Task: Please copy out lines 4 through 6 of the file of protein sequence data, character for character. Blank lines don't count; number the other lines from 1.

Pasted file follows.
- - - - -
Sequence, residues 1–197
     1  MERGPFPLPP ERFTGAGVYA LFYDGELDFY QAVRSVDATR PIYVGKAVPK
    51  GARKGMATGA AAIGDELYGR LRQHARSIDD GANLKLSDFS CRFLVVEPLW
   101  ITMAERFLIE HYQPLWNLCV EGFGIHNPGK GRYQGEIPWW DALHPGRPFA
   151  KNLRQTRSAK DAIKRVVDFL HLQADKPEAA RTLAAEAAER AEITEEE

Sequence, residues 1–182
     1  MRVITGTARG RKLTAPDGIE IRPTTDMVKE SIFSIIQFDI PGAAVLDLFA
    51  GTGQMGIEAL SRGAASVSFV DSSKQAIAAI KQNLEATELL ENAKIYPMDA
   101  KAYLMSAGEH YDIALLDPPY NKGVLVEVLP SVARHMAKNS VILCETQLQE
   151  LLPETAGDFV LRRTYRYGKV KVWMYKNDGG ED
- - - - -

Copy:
   101  ITMAERFLIE HYQPLWNLCV EGFGIHNPGK GRYQGEIPWW DALHPGRPFA
   151  KNLRQTRSAK DAIKRVVDFL HLQADKPEAA RTLAAEAAER AEITEEE

Sequence, residues 1–182